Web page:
FGFA is the largest joint Russian-Indian military and technical cooperation project. Source: Sukhoi.org
The contract to develop a sketch and technical project of the Russian-Indian perspective multi-functional 5th-generation fighter (PMI/FGFA) has been completed, Sukhoi said in a press-release. The fighter design has been fully developed. “Both parties have agreed upon on the amount and division of work during the research and development (R&D) stage, the Russian aviation company said. A contract for the R&D is being prepared and will be signed this year, according to Sukhoi.
The agreement on the joint development and production of the 5th generation fighter aircraft (FGFA) was signed in October 2007 in Moscow at the 7th Session of the joint Russian-Indian Intergovernmental Commission on Military and Technical Cooperation.
It is the largest joint Russian-Indian military and technical cooperation project. In December 2010, Rosoboronexport, Sukhoi Company and the Hindustan Aeronautics Limited signed a contract to develop a sketch and technical project of the fighter. In the course of the first stage of the project the Russian side has trained Indian professionals, provided them with the original data and the software to create a single working environment. The Indian working group of experts has been working in Russia since January 2012 and a group of Russian specialists - in India.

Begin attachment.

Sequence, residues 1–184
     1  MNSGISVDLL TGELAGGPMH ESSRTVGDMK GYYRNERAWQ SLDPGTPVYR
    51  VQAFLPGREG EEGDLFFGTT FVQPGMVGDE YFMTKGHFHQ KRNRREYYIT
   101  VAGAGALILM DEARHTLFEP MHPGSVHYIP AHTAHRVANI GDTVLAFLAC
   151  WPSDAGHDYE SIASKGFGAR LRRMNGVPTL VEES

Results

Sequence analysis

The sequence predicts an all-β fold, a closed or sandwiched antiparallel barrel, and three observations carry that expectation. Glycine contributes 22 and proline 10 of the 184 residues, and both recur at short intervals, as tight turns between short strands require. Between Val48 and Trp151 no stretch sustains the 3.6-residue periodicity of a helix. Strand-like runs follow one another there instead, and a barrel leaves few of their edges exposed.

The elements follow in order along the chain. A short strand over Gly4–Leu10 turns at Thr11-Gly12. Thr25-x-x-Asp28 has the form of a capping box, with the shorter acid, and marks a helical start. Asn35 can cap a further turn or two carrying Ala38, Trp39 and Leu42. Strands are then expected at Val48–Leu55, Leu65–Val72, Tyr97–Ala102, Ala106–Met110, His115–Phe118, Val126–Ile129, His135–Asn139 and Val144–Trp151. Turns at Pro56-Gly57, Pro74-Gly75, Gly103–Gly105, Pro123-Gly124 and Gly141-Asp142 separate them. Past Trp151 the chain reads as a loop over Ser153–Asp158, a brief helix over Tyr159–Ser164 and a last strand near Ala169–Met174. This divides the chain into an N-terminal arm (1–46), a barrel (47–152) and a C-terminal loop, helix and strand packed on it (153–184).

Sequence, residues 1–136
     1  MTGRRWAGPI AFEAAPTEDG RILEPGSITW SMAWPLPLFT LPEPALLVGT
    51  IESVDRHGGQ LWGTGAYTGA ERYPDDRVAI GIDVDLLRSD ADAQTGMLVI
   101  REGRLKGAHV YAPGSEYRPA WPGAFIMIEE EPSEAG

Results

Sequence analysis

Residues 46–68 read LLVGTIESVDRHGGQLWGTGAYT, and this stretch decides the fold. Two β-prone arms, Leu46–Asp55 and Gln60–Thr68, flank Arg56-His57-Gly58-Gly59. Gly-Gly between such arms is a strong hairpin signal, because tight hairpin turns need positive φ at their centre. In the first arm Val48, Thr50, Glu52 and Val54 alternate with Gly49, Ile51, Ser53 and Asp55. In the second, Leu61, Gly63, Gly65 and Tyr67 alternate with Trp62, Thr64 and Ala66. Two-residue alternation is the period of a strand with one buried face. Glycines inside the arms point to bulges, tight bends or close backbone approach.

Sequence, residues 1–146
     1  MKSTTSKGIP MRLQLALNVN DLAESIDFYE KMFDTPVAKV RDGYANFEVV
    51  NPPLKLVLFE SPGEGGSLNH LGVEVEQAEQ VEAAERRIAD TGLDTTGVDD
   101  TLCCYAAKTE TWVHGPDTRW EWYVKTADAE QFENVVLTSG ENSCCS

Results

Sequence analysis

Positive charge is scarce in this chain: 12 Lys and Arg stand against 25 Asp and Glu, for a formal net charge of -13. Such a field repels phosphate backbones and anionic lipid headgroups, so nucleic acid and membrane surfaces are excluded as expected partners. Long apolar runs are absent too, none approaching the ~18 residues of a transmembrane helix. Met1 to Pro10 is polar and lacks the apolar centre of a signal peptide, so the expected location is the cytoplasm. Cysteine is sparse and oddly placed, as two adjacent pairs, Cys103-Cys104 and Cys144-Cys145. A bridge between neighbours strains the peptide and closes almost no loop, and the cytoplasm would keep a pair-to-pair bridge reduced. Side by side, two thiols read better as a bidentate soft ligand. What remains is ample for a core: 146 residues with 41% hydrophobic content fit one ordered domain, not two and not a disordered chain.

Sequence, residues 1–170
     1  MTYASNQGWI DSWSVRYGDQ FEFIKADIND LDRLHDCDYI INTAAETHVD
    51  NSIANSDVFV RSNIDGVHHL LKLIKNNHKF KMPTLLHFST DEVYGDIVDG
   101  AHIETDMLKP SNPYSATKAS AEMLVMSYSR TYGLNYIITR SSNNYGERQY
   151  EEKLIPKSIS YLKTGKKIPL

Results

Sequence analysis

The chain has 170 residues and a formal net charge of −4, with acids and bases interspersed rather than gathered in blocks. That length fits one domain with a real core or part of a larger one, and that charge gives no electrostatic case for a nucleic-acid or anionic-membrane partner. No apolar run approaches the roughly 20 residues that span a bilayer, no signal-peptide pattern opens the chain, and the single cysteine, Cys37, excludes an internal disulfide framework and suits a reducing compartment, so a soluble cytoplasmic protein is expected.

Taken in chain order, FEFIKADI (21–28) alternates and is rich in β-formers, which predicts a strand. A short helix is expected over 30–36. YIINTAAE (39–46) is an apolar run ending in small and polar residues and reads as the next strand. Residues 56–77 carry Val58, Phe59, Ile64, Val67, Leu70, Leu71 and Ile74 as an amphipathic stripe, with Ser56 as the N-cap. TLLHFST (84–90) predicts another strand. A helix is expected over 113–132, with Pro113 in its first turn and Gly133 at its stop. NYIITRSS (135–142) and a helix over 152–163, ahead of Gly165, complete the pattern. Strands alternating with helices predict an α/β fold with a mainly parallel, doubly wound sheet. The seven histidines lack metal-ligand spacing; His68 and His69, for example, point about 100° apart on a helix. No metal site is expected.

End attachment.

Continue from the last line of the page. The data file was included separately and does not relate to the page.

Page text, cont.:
The PMI/FGFA fighter developed by the parties will have some differences from the Russian prototype due to specific requirements of the Indian Air Force.
Sukhoi is also currently involved in other Russian-Indian joint programmes, such as the modernisation of the Indian Air Force Su-30MKI fighters and adaptation of the Russian-Indian air-to-ground BrahMos cruise missile to the Su-30MKI.
India is currently the top importer of Russian military equipment, accounting for about 28 percent of Russian arms exports. Despite, delays and steep cost escalation of military equipment, Russia remains India’s largest supplier of arms, supplying 70 percent of country’s arms imports. India plans to spend about $100 billion over the next 10 years to modernize its Soviet-era weaponry.
The Indian Air Force has been flying Sukhois from 1997 onwards when New Delhi first procured its first off-the-shelf SU-30s from Russia and gradually developed Sukhoi Su-30MKIs at home after Hindustan Aeronautics Limited began production under license from the Sukhoi Design Bureau.
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